1. Yes, the FBA I’ve done has added a dart. I wanted a striped version which is why I was concerned about the dart but, like you, feel the fit is more important. Anne

  3. Great shirt! When I saw your shirt on instagram I was surprised you’d done an fba – your other shirts looked fine to my obviously not very refined eye! So kudos for adding it. I really like these shirts on you!

  4. This looks fabulous!! The FBA definitely straightens out the plaid, but frankly, the other shirts look great, too! Most people would never notice!

  5. Manju, that shirt looks fabulous!!!

    Mind if I give you a suggestion? I personally feel you can go down a size and then do a bigger FBA. The shoulder seam should be just 1/4 away from your natural shoulder and to me, yours seem more than that. This might also take care of the slant drag lines than mrs.mole mentioned in her post.

    I have seen Angela Wolf, Kenneth King and many other great teachers raise the shoulders and see what a day/night difference it is. Shoulders are the best starting point for good fit. You might want to fit there first and then add fba and grade in/out at waist, hips etc based on your measurements.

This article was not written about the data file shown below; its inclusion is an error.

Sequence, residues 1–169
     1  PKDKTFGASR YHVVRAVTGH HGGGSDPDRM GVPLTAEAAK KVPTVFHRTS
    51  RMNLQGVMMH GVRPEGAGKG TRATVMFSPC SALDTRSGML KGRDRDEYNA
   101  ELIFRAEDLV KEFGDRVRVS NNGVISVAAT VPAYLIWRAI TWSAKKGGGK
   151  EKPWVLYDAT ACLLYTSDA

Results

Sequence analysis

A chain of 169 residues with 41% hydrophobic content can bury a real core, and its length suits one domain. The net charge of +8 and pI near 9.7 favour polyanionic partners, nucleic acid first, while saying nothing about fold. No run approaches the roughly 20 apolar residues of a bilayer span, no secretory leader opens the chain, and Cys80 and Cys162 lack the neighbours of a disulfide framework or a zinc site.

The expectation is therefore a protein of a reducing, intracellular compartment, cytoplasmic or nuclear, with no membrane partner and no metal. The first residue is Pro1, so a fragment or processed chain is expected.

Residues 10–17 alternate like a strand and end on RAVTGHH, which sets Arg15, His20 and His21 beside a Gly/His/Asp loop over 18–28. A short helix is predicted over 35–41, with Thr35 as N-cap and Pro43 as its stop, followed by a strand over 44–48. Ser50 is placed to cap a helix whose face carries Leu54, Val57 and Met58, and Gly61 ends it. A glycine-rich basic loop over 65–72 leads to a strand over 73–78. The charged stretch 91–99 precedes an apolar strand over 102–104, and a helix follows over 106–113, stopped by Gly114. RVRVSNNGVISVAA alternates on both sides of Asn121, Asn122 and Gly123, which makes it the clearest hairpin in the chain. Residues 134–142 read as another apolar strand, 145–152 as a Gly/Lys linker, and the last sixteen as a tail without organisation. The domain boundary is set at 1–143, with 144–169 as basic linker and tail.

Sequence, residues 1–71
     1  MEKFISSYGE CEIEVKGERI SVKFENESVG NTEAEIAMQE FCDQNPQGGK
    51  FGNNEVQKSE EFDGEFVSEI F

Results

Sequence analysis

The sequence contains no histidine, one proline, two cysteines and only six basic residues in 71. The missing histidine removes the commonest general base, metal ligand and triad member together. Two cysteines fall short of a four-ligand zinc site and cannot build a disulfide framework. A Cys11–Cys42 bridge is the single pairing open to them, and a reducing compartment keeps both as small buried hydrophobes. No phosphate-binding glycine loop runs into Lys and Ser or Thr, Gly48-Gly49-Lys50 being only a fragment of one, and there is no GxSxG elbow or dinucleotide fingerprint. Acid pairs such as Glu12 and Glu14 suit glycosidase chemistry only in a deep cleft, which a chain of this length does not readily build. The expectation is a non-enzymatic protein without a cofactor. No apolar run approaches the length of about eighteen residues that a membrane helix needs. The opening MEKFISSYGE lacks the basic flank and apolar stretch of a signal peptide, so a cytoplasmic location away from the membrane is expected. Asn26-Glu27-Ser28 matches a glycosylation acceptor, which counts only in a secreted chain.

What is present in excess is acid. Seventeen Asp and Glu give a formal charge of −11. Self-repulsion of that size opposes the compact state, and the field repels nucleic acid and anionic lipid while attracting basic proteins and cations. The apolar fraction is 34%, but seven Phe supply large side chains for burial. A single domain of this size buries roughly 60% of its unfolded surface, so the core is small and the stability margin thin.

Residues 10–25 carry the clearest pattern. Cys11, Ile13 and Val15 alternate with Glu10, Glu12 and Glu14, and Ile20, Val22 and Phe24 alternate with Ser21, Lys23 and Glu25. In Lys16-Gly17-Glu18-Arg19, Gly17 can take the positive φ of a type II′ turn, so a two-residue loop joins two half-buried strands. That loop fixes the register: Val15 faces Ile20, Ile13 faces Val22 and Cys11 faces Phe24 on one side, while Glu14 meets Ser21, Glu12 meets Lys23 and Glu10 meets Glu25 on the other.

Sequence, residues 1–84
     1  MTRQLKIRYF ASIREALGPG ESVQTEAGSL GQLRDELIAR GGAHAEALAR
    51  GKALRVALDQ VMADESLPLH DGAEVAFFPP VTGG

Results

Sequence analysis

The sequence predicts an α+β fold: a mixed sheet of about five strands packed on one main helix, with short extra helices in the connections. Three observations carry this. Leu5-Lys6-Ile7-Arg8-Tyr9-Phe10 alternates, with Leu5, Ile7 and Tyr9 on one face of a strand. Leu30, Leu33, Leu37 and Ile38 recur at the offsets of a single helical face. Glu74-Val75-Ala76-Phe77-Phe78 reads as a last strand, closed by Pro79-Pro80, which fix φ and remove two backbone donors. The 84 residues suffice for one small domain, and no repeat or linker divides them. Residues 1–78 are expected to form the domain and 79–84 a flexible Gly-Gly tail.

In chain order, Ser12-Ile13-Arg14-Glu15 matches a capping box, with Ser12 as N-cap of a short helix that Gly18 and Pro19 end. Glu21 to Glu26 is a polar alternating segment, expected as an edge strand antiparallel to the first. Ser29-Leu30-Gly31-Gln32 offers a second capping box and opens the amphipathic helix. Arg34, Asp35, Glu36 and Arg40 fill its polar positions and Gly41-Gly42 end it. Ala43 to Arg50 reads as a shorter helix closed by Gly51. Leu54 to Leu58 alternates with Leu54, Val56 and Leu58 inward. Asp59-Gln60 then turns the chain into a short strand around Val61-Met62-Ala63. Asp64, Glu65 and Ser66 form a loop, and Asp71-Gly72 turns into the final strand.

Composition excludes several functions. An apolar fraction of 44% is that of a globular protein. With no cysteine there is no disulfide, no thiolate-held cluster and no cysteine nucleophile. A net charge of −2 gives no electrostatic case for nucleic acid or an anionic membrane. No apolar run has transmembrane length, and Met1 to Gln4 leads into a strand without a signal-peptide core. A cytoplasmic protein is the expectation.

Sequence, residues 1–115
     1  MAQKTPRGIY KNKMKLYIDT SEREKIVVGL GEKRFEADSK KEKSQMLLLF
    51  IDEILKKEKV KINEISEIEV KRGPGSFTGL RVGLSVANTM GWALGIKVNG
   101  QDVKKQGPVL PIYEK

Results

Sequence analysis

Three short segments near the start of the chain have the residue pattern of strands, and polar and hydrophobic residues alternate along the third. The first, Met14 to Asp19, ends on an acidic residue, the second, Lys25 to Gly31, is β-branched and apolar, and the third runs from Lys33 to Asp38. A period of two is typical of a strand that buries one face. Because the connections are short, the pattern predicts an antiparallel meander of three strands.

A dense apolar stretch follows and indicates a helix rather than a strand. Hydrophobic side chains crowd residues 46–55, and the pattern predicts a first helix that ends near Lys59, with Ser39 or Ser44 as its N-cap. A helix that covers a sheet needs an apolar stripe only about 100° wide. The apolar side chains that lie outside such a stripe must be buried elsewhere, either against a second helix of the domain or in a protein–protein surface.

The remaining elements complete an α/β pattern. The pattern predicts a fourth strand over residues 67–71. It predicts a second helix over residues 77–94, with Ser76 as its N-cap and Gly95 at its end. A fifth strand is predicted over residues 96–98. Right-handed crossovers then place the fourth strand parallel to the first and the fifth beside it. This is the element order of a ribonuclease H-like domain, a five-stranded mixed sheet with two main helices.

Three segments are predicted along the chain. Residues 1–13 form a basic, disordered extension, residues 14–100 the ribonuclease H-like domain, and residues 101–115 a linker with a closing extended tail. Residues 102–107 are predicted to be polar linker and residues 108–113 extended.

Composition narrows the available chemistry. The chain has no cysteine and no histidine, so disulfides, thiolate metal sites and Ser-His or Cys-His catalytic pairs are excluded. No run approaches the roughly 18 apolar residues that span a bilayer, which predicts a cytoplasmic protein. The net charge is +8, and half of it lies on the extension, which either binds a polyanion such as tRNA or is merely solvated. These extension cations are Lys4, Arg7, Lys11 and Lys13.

I enjoy all of your makes and your joyful enthusiasm. That suggestion had been in my mind for years now and I figure sharing that here might be taken in the same positive spirit it is shared.

    1. Thanks Kay, and thanks for your suggestion. I agree that the shoulders on this particular shirt are perhaps not where a more fitted style should be, but I think this style is supposed to be oversized and slouchy so for now I think I will leave them be. Not offended at all by your suggestion. Thanks for your comment.

  6. This shirt looks great on you – I love this version of the Archer! I have made this shirt twice and have added an FBA each time despite the shirt being made of a check plaid type of fabric. I make sure the plaids match at the side from the bottom of the hem to above the waistline close to where the dart will be. My arm being down most of the time hides the mismatch caused by the dart.